• October 24, 2014

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Volunteer Ernie Remedies earns Golden Deeds Award

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Posted: Friday, April 5, 2013 4:30 am

Twice a week, Ernie Remedies can be seen carting several meals throughout Copperas Cove.

Tuesdays and Thursdays are his weekly runs for the Hill Country Community Action Association Meals on Wheels program. As a volunteer for the program, Remedies delivers between five and seven meals a week.

It takes him about an hour to distribute the food, but Remedies always finds some time to talk to each resident receiving a meal. For most of the residents, it is the only time they get a visitor.

“He has served Meals on Wheels forever,” said Bob Goodwin, a friend and fellow Exchange Club member of Remedies. “He volunteers all the time but never asks for anything.”

Because of his volunteer efforts, Remedies was selected as the Copperas Cove Exchange Club’s Book of Golden Deeds honoree for 2013.

The honor is the national organization’s longest-running recognition, the Exchange Club’s website stated. It recognizes dedicated residents who give their talent and endless hours of their time toward making their communities better places to live. It is given to residents and rarely to club members.

35 years with Exchange Club

During Remedies’ 35-year stint with the Copperas Cove Exchange Club and more than 37 years as a Cove resident, he has contributed to numerous efforts for assisting the elderly.

Remedies is known for helping create the Sunshine Home Exchange Club Apartment Complex, Mayor John Hull said.

The Copperas Cove Exchange Club, which included Remedies at the time, started looking to build the facility in 1987. It took four years and lots of trips to Fort Worth to discuss plans with the U.S. Department of Housing and Urban Development, Remedies said. By the end of discussions, the Cove Exchange Club secured a $4 million grant to build the apartment complex.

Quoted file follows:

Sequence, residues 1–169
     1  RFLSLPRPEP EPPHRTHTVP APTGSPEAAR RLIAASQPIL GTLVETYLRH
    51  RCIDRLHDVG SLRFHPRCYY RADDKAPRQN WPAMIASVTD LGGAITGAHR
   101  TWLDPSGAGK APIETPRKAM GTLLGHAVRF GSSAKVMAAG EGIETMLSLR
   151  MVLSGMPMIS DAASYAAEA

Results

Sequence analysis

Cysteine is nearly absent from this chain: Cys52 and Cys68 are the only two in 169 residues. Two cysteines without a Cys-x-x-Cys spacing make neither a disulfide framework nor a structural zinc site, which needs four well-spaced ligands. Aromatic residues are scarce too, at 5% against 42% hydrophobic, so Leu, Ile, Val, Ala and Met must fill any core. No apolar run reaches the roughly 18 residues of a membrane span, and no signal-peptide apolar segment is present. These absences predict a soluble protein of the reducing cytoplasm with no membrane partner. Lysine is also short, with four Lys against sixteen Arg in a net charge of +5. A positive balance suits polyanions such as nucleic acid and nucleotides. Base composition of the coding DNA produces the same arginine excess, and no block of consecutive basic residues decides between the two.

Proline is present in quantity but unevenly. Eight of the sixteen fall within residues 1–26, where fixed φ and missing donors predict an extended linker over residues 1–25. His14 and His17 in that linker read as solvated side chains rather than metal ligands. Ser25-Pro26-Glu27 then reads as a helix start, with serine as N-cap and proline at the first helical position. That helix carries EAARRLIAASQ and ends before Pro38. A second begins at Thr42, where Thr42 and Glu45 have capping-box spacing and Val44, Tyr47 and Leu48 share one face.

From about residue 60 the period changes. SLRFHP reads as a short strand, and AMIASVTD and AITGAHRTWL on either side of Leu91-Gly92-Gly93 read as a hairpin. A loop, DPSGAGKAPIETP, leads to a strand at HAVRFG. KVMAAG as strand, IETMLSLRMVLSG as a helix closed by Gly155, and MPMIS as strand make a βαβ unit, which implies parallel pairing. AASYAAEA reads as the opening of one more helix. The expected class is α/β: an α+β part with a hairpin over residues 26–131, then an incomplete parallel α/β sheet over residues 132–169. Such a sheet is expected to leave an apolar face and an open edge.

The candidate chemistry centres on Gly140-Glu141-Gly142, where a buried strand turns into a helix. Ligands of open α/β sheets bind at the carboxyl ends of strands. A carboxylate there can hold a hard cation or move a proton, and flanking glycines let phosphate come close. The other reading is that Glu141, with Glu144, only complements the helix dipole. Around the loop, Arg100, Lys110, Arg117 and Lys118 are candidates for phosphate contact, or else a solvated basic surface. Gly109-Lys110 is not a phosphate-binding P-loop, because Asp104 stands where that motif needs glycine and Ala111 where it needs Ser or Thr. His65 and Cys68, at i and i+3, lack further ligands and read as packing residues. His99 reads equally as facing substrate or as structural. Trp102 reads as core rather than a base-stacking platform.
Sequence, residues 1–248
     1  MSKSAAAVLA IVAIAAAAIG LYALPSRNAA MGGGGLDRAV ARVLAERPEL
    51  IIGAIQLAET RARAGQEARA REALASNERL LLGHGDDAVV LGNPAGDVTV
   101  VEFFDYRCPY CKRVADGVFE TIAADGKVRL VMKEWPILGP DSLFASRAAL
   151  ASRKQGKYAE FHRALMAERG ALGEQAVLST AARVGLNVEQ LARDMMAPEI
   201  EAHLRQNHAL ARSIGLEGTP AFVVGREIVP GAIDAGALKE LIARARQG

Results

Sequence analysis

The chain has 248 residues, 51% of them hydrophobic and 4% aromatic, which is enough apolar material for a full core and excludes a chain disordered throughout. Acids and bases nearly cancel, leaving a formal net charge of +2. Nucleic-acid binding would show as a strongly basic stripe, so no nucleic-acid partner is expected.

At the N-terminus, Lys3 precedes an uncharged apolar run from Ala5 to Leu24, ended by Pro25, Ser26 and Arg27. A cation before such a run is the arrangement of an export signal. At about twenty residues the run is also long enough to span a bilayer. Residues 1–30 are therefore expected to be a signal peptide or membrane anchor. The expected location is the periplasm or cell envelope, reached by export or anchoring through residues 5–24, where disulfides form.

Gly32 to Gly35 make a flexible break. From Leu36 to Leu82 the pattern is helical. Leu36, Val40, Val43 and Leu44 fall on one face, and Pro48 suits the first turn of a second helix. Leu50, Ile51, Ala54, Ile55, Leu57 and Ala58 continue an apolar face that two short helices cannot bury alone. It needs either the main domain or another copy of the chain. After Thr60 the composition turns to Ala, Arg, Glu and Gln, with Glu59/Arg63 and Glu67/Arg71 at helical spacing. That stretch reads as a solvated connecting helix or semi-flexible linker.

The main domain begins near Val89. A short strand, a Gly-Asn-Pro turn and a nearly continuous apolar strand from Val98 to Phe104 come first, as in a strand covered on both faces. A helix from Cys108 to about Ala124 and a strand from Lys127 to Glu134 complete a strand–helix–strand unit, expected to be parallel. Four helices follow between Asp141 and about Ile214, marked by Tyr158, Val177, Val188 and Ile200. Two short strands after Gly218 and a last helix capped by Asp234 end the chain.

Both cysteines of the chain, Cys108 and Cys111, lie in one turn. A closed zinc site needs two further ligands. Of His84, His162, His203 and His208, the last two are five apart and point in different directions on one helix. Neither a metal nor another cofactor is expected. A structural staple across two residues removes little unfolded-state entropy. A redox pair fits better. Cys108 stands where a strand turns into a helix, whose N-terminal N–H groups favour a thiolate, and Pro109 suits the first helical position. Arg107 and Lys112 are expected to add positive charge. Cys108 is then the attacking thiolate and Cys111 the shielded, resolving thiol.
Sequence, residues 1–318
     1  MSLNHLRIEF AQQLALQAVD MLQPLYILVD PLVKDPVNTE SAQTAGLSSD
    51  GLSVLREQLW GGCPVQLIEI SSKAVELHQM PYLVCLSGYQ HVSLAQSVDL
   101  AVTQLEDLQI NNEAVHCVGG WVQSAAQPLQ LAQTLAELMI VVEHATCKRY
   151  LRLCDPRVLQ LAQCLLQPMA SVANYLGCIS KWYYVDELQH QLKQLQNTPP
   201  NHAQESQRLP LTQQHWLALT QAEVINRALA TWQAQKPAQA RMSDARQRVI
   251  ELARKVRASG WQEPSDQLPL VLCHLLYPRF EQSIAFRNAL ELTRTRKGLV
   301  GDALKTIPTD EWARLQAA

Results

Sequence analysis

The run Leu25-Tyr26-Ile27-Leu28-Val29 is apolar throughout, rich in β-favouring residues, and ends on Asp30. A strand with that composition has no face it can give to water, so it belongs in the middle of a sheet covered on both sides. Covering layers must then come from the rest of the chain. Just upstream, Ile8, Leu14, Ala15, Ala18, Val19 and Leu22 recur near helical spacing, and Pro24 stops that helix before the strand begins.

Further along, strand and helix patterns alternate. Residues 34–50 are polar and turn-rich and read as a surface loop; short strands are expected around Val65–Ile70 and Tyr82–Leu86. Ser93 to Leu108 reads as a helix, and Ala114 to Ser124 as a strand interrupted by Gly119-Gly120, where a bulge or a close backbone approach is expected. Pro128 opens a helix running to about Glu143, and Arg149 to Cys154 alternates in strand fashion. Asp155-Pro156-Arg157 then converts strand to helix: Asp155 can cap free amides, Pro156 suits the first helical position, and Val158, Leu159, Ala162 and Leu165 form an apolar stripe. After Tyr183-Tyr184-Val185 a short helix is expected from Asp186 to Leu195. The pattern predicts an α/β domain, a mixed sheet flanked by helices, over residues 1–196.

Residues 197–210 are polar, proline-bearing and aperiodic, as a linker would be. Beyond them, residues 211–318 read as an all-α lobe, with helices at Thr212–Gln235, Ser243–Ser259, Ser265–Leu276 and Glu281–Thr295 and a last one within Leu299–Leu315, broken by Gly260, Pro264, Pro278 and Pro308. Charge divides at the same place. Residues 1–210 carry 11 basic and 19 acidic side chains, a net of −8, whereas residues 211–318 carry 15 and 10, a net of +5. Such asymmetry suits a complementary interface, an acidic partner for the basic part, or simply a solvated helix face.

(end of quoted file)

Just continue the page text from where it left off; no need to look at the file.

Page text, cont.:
“There was a need for a senior to have a place where they could live without care,” Remedies said.

The Sunshine house still provides them with the ability to live on their own, which makes some elderly people happy.

After the grant, the club then erected a 49-unit one-bedroom nonassisted living center for residents 62 and older.

“In 1993, we moved the first resident in,” Remedies said. “It felt good because the Sunshine Home was strictly organized by Exchange volunteers.”

During the facility’s construction, fundraising and grant acquisition, Remedies served as the building’s supervisor.

After its construction, he served at least six years on the building corporation board, information from the Exchange Club stated. He also volunteered as its manager when administrators left the position.

Other volunteer efforts

The Sunshine Home isn’t the only place where Remedies volunteered. He supported the Exchange Club’s efforts to prevent child abuse by serving as president of the Central Texas Prevention of Child Abuse Center for two years . He also supports more routine child abuse prevention programs by the club.

Remedies also was the director of the city’s fire and police commission and a police chief advisory committee member. He has served in numerous local, state and national Exchange Club positions.

“He does a lot of these things, and most people don’t even know he has done them,” Hull said, speaking of his character. “He gets no notoriety for volunteering.”

“It is just one of those things you can’t say no to,” Remedies said.

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